How do I teach my son to be independent when he's so dependent on me?
Although he is only 16 months old and I'm not talking about living on his own or anything like that, Oliver is very much dependent on me.
We are still trying to master rolling over, so we aren't walking yet.
I tell ya, I have got Arnold Schwarzenegger arms carrying this little one everywhere!
I have grown used to eating cold meals, because I have to feed him first.
I've understood from the get-go that Oliver would have delays from being born so early, and having his diagnosis of spina bifida.
But once I found myself doing more harm than good with shielding him, I wanted to break him of this shield I had on him.
When I carried him everywhere, I was actually delaying him even more from learning how to sit up.
Once I started to sit him on the ground, he went from folding himself in half to sitting straight up.
So I started off slowly with mashed potatoes, mac-n-cheese, and soft veggies (don't worry, it gets better.)
Now he's eating chicken, grilled cheese, and even ate a whole bowl of chicken and biscuits (made by Grandma Mary)!
I knew I had to let go of some things in order for him to grow in other places.
One day though, I'll have to teach my son how to cath himself.
One day I will have to teach him to take those first steps on his own, even though momma will be right behind him.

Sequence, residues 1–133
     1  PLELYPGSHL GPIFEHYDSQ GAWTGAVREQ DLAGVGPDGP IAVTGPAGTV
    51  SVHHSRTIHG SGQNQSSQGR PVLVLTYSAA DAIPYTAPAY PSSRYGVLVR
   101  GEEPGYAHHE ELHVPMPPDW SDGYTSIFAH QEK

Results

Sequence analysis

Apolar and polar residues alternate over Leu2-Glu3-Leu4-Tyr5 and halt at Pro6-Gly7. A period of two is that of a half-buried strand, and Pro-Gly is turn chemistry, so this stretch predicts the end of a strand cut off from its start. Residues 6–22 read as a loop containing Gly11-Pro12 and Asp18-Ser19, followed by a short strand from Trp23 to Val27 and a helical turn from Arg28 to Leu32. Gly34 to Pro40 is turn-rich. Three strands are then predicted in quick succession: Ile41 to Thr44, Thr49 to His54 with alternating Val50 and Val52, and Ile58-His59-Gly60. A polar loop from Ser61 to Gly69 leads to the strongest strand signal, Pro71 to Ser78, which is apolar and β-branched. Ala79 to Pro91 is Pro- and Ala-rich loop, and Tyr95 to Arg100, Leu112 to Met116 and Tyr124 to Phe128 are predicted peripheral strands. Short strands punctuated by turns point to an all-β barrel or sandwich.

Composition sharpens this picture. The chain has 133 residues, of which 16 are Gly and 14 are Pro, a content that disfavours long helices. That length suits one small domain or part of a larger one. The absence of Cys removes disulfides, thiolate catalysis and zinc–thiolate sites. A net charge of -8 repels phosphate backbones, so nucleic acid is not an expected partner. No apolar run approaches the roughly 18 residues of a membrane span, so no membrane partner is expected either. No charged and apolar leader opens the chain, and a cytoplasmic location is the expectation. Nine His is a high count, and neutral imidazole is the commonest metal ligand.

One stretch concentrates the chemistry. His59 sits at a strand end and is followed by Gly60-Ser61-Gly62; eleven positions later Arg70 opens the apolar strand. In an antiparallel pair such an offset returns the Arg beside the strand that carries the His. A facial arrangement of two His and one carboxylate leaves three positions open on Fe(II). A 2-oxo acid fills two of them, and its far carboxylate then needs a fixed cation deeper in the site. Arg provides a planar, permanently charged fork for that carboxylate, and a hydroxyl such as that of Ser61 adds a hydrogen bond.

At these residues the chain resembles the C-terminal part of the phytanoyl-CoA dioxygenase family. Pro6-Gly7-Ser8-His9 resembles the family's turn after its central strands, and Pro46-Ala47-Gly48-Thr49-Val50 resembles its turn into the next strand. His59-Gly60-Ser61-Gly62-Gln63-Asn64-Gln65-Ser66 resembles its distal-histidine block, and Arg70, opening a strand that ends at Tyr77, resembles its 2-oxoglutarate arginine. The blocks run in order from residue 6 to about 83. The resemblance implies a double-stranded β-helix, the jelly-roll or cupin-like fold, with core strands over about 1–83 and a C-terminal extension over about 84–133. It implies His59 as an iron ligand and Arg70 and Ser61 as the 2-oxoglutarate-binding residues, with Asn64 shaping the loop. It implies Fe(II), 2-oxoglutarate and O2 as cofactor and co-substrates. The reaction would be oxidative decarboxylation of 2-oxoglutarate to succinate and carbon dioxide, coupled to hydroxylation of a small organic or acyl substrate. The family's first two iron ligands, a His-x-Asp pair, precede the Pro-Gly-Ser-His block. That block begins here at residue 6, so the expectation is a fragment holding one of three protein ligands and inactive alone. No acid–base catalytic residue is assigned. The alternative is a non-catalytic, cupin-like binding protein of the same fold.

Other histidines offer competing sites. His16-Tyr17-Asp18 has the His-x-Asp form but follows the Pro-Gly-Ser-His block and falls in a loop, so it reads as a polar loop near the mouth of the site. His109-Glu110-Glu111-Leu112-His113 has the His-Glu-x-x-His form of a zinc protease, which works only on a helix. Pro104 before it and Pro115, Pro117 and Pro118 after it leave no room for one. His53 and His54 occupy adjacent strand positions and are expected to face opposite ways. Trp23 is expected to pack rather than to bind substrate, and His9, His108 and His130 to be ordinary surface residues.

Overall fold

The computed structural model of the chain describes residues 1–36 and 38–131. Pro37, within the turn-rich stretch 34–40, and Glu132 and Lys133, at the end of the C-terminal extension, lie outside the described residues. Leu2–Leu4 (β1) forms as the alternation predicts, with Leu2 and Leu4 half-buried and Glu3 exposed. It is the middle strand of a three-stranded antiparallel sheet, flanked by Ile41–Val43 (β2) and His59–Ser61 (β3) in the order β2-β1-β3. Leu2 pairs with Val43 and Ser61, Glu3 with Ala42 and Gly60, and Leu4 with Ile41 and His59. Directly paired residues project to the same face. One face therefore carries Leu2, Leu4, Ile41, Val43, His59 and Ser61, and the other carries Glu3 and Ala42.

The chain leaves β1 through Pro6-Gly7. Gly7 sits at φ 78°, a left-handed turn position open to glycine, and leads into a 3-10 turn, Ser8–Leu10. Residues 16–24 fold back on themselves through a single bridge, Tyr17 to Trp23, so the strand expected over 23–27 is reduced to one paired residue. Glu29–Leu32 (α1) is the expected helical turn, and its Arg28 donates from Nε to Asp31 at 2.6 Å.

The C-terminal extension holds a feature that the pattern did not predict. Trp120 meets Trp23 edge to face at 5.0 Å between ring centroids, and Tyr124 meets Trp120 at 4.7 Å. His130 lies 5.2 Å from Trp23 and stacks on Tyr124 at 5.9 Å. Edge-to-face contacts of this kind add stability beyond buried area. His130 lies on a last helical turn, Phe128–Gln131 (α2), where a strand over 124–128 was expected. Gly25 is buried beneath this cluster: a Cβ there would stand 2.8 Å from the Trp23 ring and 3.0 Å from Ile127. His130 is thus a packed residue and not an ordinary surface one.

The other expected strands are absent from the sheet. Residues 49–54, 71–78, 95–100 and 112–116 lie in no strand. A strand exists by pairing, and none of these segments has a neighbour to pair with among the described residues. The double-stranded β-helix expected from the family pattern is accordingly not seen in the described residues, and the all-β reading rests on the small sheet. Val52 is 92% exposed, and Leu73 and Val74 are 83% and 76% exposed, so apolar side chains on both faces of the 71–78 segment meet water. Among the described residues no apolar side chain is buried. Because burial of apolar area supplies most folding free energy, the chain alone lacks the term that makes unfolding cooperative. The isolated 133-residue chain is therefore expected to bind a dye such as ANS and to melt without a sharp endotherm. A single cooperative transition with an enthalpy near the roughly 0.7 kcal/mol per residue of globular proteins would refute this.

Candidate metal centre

I guess this blog really boils down to...how do I let go when my son is ready to do things on his own! Waa!
It sounds a little silly since again, he is only 16 months old, but his future is always heavy on my mind.
We get older, never younger,so it's inevitable to not think about the future.
I think about the brutal honesty young children have, and how that might hurt my baby.
Or the people who never learned that staring was rude.
If that doesn't scream first time mommy, then I don't know what does!
To me, for now at least, that line is drawn in erasable marker.
This is because we are both still learning where to be dependent on, and independent of, one another.
I can mark a line in one area, then come back and erase it when I need to be there for him.
I can step back and let him try crawling to that toy he wants so bad.
These lines differ with everyone, and don't even have to exist for some.
For me, they exist because I know my little fighter will want to do things for himself one day without mom always being there.
For now we just push each other to try a little harder here and there, and ultimately support one another.
Not to mention the awesome set of arms I've been modeling this summer!
Do you find grocery shopping easy to do with your disabled child?